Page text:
José Bernardo Albuquerque Mendes
José Bernardo Albuquerque Mendes is an established contemporary artist. José Bernardo Albuquerque Mendes was born in 1953. Also born in 1953 and of this same generation are Sergei Kolevatykh, Eberhard Grames, Jeroen Bechtold, Michael Bach, and Edmundas Birgéla.
Further Biographical Context for José Bernardo Albuquerque Mendes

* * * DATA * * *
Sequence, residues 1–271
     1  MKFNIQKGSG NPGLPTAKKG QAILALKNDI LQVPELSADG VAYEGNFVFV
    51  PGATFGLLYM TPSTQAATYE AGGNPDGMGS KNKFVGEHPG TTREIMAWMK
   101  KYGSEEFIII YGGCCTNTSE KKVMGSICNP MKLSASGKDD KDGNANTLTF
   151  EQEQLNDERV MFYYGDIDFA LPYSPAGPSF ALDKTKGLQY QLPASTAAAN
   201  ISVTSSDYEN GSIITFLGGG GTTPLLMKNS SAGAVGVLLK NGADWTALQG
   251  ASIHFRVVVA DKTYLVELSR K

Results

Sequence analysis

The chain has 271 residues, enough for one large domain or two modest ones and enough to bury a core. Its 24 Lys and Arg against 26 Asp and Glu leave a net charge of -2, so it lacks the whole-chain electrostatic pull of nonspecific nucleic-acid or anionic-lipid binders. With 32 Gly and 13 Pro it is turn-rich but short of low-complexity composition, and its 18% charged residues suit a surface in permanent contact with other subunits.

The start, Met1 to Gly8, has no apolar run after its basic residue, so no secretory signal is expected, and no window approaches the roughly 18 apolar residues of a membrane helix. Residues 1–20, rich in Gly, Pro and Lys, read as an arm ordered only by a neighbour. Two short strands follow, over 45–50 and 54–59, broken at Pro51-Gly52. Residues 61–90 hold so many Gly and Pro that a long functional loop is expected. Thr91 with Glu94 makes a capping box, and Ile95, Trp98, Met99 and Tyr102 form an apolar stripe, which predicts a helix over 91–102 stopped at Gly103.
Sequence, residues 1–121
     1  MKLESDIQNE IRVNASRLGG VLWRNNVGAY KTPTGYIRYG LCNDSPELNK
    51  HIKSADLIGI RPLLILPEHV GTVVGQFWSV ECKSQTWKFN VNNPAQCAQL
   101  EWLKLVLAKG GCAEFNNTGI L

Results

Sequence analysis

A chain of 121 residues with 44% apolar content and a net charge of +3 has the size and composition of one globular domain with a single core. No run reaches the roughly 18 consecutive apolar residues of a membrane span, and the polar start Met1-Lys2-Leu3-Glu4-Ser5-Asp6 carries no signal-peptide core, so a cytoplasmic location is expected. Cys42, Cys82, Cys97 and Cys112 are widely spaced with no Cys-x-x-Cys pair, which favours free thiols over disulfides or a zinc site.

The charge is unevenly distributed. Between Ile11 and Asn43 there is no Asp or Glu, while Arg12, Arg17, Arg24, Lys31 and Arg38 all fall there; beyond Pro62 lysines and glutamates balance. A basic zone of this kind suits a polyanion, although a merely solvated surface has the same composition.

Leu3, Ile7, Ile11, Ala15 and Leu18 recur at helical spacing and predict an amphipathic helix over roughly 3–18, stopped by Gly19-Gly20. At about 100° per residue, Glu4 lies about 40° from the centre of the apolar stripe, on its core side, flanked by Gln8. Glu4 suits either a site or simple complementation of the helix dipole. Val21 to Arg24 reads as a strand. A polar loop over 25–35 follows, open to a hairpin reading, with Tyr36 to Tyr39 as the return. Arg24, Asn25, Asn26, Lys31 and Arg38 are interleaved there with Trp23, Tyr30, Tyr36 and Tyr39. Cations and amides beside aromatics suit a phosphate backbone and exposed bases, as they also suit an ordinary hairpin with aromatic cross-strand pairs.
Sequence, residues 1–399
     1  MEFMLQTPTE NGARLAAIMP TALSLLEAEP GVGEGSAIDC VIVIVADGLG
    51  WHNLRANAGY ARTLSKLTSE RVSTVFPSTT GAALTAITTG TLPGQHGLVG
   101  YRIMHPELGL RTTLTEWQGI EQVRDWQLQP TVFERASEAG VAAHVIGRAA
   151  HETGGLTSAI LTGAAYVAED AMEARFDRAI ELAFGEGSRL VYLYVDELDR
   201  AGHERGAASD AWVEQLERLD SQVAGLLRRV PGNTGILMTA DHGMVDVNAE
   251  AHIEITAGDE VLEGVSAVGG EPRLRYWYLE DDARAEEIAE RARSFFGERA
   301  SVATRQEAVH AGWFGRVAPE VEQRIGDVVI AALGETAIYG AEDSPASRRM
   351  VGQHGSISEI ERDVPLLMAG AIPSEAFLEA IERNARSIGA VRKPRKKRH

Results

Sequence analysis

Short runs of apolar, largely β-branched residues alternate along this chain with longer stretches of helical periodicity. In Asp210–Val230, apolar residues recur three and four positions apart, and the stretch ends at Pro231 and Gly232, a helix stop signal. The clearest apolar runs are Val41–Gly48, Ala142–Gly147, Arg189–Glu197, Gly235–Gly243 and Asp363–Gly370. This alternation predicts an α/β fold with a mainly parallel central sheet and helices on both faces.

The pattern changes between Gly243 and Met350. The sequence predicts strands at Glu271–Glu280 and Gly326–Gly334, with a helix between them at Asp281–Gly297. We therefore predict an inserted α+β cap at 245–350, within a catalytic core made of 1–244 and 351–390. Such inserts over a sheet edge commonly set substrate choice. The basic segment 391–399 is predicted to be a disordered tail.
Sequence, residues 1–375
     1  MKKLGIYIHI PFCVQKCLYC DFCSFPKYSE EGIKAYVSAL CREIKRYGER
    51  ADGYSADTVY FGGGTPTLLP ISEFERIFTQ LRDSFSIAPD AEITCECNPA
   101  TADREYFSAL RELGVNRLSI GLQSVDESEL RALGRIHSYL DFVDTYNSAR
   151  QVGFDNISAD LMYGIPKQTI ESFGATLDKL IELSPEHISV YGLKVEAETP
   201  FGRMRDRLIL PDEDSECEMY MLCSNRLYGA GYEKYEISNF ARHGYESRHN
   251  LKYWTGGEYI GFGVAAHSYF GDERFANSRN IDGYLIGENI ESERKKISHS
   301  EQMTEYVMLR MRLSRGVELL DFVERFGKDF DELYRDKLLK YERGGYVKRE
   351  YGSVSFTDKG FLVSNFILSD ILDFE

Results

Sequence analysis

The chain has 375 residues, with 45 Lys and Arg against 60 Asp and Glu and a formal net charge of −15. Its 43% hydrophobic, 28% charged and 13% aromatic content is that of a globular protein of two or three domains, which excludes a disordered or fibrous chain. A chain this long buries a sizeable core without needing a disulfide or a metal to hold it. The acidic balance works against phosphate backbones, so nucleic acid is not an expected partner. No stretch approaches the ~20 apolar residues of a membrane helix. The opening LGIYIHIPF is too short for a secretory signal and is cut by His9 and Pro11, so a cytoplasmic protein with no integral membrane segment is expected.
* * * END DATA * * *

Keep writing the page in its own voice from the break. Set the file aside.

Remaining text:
Born in 1953, José Bernardo Albuquerque Mendes was primarily influenced by the 1970s. Conceptualism is often perceived as a response to Minimalism, and the dominant art movement of the 1970s, challenging the boundaries of art with its revolutionary features. The movements that ensued were all representative of a strong desire to progress and strengthen the art world, in response to the tensions of the previous 1960s. Process art branched out from Conceptualism, including some of its most crucial aspects, but going further in creating mysterious and experimental artistic journeys, while Land Art brought creation to the outdoors, initiating early philosophies of environmentalism. In Germany, Expressive figure painting was given another chance for the first time since the weakening of Abstract Expressionism almost twenty years ago, the genre regained its distinction through the brushstrokes of Gerhard Richter, Anselm Kiefer and Georg Baselitz. The majority of the critically acclaimed artists from the 1960s, who had gained success and popularity, kept their status in the 1970s. Andy Warhol was a prominent figure of those two decades, and in the 1970s started to experiment with film and magazine publishing, thus engaging in a cross-cultural activity that no other visual artist of such standard had previously undertaken. By doing so, he secured his status as a celebrity. Street art started to emerge as a true and accepted form of art towards the end of the 1970s. Jean-Michel Basquiat and Keith Haring were pioneers in proving that their artworks could subsist at the same time in art galleries and in urban settings. Fuelled by graffiti art, street art from its earliest days proved that it could endure in a perpetual flux of self-transformation, endlessly shifting the limits of modern art, becoming a truly ground-breaking artistic genre.